Could have done without the fried liver! Yesterday evening a misguided and more than a slightly intoxicated friend brought me a treat of fried liver and onions from the neighbourhood "greasy spoon". Had not realized that fried liver can achieve the thinness and texture of roofing tile. Even the dogs were unenthusiastic.

Query - totally different topic - was Elizabeth David well-regarded in Australia in the '50's and early '60's? I ask because I have now acquired nice copies of two quite difficult early David "firsts" (one, the uncorrected proof of Fr. Provincial Cooking, spectacularly difficult)from dealers down-under.

Just wondered. Roger

Lapinbizarre said...

ps. Made one of Lady Clark's potted salmon recipes yesterday. Would not particularly recommend it (maybe "processing" the fish, rather than pounding in a mortar affects affects the end result), tho' should you try it do not be tempted to go easy on the spices during in the cooking stage.

The Old Foodie said...

Hello Roger; I've never made a potted fish of any kind - potted beef, yes, but not fish. I always fancied potted shrimps though - must do that soon.

Anonymous said...

Shrimps are a good idea. Don't stint the mace, and SMALL shrimp (a US friend, unfamiliar with UK potted shrimp, attempted it with pretty large-count "sea bugs" and the result was not ideal). Mrs. Grigson, who knew a thing or two, says that they were better in the "old days", when the catch was boiled at sea, in salt water, and shelled and potted later the same day. Nowadays they're flash frozen as soon as they're caught, and sit forever. Good info & recipe, pp's 138-9 of her "British Cookery".

Regarding Lady C's salmon - two things I would correct in improbable event that I made it again:

a. More spice. Mace & allspice can easily overpower and I was cautious. Should not have been.

b. The finished paste is too dry. There was excellent "gravy" in the crock in which I cooked the salmon. Lady C makes no mention of this, post-cooking and cooling, so my dogs' gain was my loss, but a measure of this added to the fish would almost certainly have improved matters. Also the hour for which Lady Clark recommended cooking was definitely on the long side and undoubtedly contributed to the dryness of the salmon. Roger (LB)

Anonymous said...

dear Foodie. what is the.. explanation.. for the British/French/Euro consumption of kidneys, if they really do smell like urine while cooking and once in the dish? how long has this been going on, and were kidneys as popular as they seem to have been? this is something with which i have little familiarity, i simply cannot understand it and do not have any context to place it in. it puzzles me greatly! do people still regularly eat kidneys? how on Earth could something piss-tasting appeal to so many people?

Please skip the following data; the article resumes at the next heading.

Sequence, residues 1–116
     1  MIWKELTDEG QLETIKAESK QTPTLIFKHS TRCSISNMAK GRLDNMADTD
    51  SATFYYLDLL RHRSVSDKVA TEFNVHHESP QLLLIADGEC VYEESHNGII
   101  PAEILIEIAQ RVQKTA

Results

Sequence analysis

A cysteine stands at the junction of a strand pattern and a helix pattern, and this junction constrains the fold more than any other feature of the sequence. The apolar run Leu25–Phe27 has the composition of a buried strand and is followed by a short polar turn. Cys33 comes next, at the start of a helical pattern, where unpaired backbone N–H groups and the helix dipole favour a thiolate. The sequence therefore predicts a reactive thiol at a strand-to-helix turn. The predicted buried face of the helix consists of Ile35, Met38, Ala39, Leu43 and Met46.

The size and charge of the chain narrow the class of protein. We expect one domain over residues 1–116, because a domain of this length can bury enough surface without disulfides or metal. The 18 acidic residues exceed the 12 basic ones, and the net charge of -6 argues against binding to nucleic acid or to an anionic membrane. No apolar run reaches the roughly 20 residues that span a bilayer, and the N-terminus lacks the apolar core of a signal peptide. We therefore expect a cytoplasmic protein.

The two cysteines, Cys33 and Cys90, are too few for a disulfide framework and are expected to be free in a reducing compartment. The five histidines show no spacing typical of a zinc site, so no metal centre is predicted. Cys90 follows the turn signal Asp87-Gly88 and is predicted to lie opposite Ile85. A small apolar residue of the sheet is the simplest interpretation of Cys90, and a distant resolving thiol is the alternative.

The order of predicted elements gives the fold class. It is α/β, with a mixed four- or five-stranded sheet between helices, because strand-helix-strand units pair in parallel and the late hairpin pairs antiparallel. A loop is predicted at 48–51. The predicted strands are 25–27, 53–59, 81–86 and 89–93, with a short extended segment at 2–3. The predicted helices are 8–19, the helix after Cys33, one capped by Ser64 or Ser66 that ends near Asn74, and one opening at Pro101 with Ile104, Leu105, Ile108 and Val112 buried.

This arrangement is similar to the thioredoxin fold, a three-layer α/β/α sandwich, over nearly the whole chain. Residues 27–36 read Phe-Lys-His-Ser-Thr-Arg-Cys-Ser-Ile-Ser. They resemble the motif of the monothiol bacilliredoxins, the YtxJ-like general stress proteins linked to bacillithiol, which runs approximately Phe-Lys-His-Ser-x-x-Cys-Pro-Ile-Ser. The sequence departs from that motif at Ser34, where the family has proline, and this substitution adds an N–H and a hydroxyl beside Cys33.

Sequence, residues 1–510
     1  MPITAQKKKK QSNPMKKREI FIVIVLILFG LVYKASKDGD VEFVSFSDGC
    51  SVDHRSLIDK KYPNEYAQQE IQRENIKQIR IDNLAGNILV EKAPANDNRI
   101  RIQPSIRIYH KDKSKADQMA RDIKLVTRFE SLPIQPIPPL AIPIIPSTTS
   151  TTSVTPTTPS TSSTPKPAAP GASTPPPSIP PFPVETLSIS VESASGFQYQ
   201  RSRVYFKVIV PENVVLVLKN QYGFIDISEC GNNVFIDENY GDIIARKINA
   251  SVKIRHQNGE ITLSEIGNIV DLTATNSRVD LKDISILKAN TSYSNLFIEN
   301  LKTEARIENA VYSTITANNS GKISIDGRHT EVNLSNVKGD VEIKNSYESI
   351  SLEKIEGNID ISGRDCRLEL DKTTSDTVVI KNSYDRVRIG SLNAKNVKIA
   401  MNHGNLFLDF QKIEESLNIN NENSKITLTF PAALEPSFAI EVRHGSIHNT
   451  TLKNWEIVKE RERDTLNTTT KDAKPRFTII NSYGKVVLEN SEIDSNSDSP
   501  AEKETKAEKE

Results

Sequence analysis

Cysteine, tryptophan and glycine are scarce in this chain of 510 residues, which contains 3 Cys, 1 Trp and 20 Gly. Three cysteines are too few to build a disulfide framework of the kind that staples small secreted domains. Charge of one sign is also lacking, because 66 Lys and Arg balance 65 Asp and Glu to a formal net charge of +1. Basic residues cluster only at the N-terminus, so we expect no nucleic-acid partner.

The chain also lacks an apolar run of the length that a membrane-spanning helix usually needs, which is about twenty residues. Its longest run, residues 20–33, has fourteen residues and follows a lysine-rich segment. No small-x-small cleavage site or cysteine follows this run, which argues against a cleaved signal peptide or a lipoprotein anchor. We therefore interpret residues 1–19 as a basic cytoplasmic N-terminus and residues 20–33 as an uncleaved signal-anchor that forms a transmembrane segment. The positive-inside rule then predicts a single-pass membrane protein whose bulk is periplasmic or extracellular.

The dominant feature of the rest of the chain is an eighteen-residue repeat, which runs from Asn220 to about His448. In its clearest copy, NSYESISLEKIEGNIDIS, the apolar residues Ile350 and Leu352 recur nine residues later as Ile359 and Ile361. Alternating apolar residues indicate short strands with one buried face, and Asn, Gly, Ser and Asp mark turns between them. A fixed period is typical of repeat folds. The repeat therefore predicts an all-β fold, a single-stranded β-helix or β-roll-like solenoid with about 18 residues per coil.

Lapinbizarre said...

(g)astronomer - You didn't recognize the flavor last time you ate a hot dog?

The Old Foodie said...

Hello (G)Astronomer. Once upon a time, once a beast was killed, it was eaten nose to tail in a shortish time, depending on the weather. Nothing was wasted and people were not as squeamish as we are now - I guess they had to get down and dirty to source all their food, no supermarket plastic-wrapped and sanitised niceties. There are recipes specifying kidney in 14th c cookbooks. Steak-and-kidney pie seems to have been a nineteenth century phenomenon - probably the kidney was used to replace the oyster, which was a common ingredient in "meat" dishes.
As for the urine-tang: well, urine is a sterile chemical solution (in a healthy animal) so there is nothing germy about it - although I appreciate that it is unaeshetic for some. But then some people find the smell of some cheeses offensive.
Roger - you have hit the nail on the head - I didnt recognise it before, but the smell of kidney IS more "chemical" than uriniferous.
Personally, I love kidney.

Lapinbizarre said...
This comment has been removed by the author.
Lapinbizarre said...

Just posted incomplete piece in error. Try again

Cod roe - basic standard method (Wn. European, at any rate) seems to be poaching, cooling, slicing & frying).

Used to eat kidneys quite frequently - preferred method sliced, seasoned & floured, lightly fried, french mustard & sherry added in final stage. Seldom see them, even Down South, nowadays - sheep's kidneys, never. Roger

Anonymous said...

James Joyce is my favorite for the food recipes, I find reading them interesting. I have never tried any of them.